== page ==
Influence Of Headteacher Leadership Development On Implementation Of Inclusive Education In Public Primary Schools In Kiambu County, Kenya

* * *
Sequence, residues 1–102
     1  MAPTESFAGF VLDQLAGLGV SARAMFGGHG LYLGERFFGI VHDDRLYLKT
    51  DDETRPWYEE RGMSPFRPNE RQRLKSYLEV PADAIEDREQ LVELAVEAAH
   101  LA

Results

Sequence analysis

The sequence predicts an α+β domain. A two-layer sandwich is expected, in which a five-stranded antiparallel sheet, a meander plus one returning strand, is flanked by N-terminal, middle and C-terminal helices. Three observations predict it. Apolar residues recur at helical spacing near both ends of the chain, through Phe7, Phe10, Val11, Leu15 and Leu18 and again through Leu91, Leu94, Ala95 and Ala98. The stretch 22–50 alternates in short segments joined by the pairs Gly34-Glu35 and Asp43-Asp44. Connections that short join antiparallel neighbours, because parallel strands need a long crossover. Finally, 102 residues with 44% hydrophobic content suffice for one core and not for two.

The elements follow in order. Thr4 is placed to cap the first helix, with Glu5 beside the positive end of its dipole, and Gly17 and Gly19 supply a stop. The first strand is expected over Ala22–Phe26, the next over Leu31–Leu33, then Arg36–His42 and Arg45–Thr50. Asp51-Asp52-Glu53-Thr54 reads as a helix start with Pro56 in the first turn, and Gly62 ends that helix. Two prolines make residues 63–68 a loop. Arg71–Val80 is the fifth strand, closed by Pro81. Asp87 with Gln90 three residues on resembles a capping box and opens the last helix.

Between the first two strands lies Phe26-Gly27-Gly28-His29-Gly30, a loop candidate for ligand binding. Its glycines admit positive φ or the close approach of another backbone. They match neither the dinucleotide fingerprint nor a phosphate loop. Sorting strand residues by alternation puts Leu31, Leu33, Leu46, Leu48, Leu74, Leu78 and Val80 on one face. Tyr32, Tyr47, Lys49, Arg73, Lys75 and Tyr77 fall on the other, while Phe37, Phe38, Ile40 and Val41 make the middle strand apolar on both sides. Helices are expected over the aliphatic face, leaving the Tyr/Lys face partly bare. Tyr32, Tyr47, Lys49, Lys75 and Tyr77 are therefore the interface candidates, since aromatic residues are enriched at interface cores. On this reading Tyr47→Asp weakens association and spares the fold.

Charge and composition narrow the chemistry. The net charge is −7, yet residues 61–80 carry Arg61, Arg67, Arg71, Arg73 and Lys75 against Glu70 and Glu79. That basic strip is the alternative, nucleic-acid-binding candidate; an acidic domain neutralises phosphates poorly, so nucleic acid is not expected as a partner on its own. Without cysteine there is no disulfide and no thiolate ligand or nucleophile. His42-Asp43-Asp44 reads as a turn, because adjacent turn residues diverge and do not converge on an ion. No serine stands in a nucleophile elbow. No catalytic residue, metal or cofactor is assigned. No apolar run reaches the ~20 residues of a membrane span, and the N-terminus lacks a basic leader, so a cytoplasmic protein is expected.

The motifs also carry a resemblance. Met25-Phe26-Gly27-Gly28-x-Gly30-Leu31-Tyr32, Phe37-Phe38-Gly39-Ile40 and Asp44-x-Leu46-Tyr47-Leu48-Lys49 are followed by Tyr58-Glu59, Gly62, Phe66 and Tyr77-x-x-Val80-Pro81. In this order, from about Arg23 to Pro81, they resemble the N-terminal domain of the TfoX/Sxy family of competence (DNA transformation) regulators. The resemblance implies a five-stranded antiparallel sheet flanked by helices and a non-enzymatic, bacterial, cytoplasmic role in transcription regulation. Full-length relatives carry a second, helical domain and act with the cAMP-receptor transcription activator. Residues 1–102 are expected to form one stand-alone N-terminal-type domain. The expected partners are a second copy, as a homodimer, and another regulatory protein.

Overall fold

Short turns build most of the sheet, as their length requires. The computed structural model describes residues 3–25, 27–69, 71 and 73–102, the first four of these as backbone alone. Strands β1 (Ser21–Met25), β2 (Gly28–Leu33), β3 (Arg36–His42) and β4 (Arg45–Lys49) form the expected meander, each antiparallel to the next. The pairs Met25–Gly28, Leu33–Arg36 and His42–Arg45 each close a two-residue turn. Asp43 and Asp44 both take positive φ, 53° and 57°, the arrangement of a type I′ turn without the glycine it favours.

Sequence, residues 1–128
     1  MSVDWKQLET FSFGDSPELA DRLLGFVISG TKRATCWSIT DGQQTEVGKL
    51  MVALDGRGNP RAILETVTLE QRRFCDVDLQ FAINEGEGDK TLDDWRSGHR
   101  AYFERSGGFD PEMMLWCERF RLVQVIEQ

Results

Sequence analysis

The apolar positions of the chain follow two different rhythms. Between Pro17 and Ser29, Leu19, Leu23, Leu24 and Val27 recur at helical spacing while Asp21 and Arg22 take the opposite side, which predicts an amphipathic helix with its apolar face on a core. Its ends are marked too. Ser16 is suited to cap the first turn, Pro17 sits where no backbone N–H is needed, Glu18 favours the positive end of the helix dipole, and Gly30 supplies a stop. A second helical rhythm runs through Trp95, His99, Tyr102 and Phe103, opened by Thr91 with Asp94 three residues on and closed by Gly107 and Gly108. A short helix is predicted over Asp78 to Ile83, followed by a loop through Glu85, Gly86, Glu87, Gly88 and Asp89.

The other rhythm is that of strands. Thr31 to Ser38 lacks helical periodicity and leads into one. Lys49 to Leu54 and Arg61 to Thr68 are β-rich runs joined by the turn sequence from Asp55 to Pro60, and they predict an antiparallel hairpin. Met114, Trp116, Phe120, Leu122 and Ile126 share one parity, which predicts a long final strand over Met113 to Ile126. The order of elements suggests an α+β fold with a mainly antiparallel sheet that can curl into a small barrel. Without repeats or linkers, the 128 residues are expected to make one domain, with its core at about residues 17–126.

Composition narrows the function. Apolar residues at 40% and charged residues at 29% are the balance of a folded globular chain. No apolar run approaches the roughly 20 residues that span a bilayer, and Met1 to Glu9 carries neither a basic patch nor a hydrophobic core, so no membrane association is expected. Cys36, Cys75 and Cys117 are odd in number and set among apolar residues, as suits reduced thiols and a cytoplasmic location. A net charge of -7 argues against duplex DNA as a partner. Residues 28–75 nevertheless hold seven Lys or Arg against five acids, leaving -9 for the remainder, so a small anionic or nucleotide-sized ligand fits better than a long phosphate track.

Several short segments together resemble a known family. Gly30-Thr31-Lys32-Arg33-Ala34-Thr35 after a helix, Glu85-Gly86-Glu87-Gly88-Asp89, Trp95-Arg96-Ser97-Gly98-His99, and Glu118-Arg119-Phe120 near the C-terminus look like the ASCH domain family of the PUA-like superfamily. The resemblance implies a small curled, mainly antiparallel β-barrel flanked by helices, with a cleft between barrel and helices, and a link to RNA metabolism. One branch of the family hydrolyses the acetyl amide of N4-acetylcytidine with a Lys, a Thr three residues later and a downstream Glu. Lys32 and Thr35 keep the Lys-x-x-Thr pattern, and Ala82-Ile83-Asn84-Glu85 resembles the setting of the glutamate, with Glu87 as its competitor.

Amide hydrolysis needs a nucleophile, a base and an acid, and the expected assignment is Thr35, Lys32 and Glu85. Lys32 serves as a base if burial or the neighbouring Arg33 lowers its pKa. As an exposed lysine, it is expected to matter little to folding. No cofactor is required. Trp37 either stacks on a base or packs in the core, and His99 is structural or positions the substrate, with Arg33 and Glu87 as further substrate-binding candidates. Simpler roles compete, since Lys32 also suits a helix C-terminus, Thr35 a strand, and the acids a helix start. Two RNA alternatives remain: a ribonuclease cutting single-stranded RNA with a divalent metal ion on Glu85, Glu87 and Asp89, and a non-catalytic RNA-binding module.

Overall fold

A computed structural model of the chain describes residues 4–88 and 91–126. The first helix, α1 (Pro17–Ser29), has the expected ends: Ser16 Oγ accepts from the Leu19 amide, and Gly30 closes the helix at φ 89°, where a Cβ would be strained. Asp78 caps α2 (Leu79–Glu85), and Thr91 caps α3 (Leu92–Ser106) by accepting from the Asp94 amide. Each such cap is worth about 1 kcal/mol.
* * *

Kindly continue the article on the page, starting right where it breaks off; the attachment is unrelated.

Effective headteacher leadership is critical to the successful implementation of inclusive education (Waldron, McLeskey & Redd, 2011). The mandate to achieve inclusive schooling implies that headteachers are expected to ensure their schools are both excellent and equitable. This is particularly imperative considering that the overarching principle of inclusive education is that every child counts (Bernard, 2000). Besides, most research on inclusive education in Kenya appears to consistently support effective implementation and sustainability of inclusive schooling (Buhere & Ochieng, 2013; Njoka et al., 2012). Nonetheless, a research gap exists in relation to the leadership development of headteachers in order to transform schools into effective inclusive learning environments. Thus, this research was designed to investigate the influence of headteacher leadership development on the implementation of inclusive education. The research was guided by five questions, which investigated the existing types of leadership development programmes for headteachers, the adequacy of the programmes’ contents, and the effectiveness of their design features in relation to inclusive education implementation. The study also examined the effectiveness of the leadership development programmes in facilitating inclusive education. Finally, the policy and institutional challenges experienced in the implementation process were investigated. The research was conducted in public primary schools in Kiambu County. The target population was 475 headteachers, 7472 class teachers, and 30 Quality Assurance and Standards Officers drawn from the 10 districts and Thika municipality in Kiambu County. Also targeted were 10 KEMI trainers. The final sample constituted 125 headteachers and 240 class teachers randomly selected from 5 districts and Thika municipality. It also included 12 Quality Assurance and Standards Officers and 8 KEMI trainers, who were purposefully sampled. The research utilized a mixed methods approach. The convergent parallel design was adopted, since it provides for collection and analysis of both quantitative and qualitative data in the same phase of study (Creswell & Clark, 2011). Quantitative data was analysed using descriptive statistics and presented in frequency tables, pie charts and bar graphs. Qualitative data was coded according to content, analysed based on emerging themes, and presented in narrative form. The study established that the most common forms of leadership development were short courses such as, conferences, workshops, and seminars. The KEMI modular-based programme was ranked first, with 78% of headteachers in the study deeming the leadership programme the most helpful in facilitating inclusive education. The innovative practices of the KEMI programme included the use of the cohort model, problem-based learning, case studies, and projects. However, specific gaps such as, limited inclusive education focus, non-alignment to leadership standards, lack of mentoring and coaching, and insufficient focus on career stages were identified. Overall, the study established that the existing headteacher leadership development programmes were not based on particular leadership standards or inclusive education philosophy, vision and mission. Also, the programmes were neither ongoing nor career-staged. They seemed to apply the concept of “one-size fits all” and did not utilize job-embedded learning practices, such as mentoring and coaching. Instructively, only six percent of the headteachers deemed the existing leadership programmes to be effective. The majority of headteachers (94%) rated the programmes as either somewhat effective (30%) or not effective (64%) respectively. Likewise, 88% of headteachers did not perceive themselves competent to lead inclusive education implementation. The main conclusion of the study was that the headteacher leadership development programmes were not comprehensive and well-integrated to effectively facilitate implementation of inclusive education. Therefore, the study recommends a coordinated and multi-pronged action plan to spur requisite policy reforms, system alignments, and funding strategies in order reframe headteacher leadership development. Specifically, the Teachers’ Service Commission and Ministry of Education, Science and Technology should collaboratively develop leadership standards for headteachers in order to spur improvements in leadership programmes’ quality and effectiveness. The County Education Board should develop inclusive education indicators to be utilized when designing and implementing school development plans. Moreover, in order to model effective inclusive programmes and practices at least five model inclusive schools should be established in each district through a well-resourced programme implemented by respective District Education Board.